July 27, 2022
Illinois regulates at both the local and state level. Here’s what you need to know in order to successfully secure a liquor license.
Disclaimer: This information is not intended to be legal advice. Contact your attorney or state authority if you have questions about compliance. Last Updated: July 2022
The Illinois Liquor Control Commission is the state authority that handles licenses, inspections, compliance and violations for liquor regulation. Its Licensing Division issues nearly 28,000 state liquor licenses each year, most of which are renewals. In fact, only about 10% of approved liquor licenses are new. It’s worth noting that liquor licenses are regulated at both the state and local level in Illinois. Whether you need a liquor license in Chicago or you’re searching for licensing in Aurora, you’ll secure a license through your local municipality first before submitting your application to the state. This guide will give you an overview on the different types of liquor licenses, explain how to submit an application and share best practices on how to keep your license once secured.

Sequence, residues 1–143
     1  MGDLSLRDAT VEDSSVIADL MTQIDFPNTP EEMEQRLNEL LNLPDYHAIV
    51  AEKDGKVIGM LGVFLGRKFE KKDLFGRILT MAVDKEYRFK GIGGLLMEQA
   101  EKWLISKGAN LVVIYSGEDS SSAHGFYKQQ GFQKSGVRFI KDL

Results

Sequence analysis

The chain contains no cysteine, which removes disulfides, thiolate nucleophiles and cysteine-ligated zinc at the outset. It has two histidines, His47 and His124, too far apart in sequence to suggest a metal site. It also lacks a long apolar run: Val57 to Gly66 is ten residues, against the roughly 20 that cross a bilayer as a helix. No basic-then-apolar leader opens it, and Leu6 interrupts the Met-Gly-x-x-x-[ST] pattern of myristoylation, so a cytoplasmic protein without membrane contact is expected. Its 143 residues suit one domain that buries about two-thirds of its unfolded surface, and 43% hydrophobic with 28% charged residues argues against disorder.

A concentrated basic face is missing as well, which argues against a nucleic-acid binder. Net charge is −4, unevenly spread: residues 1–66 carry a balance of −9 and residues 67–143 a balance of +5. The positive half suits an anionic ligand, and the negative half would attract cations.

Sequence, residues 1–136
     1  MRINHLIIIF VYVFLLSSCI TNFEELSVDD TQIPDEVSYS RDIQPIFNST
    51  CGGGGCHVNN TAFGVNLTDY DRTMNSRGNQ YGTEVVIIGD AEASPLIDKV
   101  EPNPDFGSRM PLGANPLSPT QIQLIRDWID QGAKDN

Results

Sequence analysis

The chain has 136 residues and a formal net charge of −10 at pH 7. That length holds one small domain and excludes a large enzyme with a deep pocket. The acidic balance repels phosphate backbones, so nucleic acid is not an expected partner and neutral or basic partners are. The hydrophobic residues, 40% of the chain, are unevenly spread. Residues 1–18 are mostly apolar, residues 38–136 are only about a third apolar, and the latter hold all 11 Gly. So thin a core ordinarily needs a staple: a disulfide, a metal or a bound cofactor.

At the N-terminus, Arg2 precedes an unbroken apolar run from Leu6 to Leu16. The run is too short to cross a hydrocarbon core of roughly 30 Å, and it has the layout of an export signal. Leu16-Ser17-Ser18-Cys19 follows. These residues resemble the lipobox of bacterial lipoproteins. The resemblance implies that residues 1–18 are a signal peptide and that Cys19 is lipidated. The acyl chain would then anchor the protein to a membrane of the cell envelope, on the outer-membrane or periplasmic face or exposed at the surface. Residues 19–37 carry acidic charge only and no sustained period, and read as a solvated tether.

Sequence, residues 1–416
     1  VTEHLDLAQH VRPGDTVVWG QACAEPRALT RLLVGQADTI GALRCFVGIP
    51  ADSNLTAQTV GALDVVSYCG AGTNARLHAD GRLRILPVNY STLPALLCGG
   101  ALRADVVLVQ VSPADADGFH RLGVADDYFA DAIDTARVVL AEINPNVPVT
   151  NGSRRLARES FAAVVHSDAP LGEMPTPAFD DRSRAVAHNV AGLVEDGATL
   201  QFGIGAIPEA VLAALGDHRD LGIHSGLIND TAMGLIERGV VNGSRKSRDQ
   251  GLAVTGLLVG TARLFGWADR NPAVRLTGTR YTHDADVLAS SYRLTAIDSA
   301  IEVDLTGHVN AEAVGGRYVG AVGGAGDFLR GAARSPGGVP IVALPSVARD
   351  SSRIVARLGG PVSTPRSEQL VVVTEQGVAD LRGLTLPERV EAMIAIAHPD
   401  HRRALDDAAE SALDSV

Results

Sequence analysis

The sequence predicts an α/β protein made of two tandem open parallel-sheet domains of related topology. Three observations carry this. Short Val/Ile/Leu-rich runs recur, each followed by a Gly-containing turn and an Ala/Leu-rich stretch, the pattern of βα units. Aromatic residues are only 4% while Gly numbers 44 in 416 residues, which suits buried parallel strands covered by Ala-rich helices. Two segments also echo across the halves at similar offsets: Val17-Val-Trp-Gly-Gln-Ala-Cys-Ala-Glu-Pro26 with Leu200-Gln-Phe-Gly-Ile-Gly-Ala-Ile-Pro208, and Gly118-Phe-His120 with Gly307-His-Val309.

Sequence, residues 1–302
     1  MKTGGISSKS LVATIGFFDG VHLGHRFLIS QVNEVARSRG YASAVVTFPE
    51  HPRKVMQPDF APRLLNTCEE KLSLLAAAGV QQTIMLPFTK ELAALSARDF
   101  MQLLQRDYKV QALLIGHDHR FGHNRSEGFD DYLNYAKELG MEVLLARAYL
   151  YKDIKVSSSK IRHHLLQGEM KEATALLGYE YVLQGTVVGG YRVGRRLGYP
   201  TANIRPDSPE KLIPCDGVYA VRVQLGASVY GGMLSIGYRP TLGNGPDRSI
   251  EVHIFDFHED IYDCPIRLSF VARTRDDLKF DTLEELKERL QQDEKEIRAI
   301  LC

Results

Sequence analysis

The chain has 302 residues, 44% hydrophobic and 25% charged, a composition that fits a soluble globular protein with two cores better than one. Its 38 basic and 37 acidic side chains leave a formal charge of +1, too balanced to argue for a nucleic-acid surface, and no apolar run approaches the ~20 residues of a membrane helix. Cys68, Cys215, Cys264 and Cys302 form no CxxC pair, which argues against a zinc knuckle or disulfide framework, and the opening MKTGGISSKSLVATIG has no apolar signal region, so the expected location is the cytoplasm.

In the state of Illinois, there are 21 types of liquor licenses. There's a Distributor License, a Manufacturer License and even things as granular as a Craft Distiller Warehouse License.However, as a restaurant or bar, the one you need is a Retailer Liquor License. This covers the sale of liquor on-premises only. See a full overview of applications available.
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Ready to take the first step in navigating the alcoholic beverage waters? We’ve got your back. Follow these four tips for an easier journey.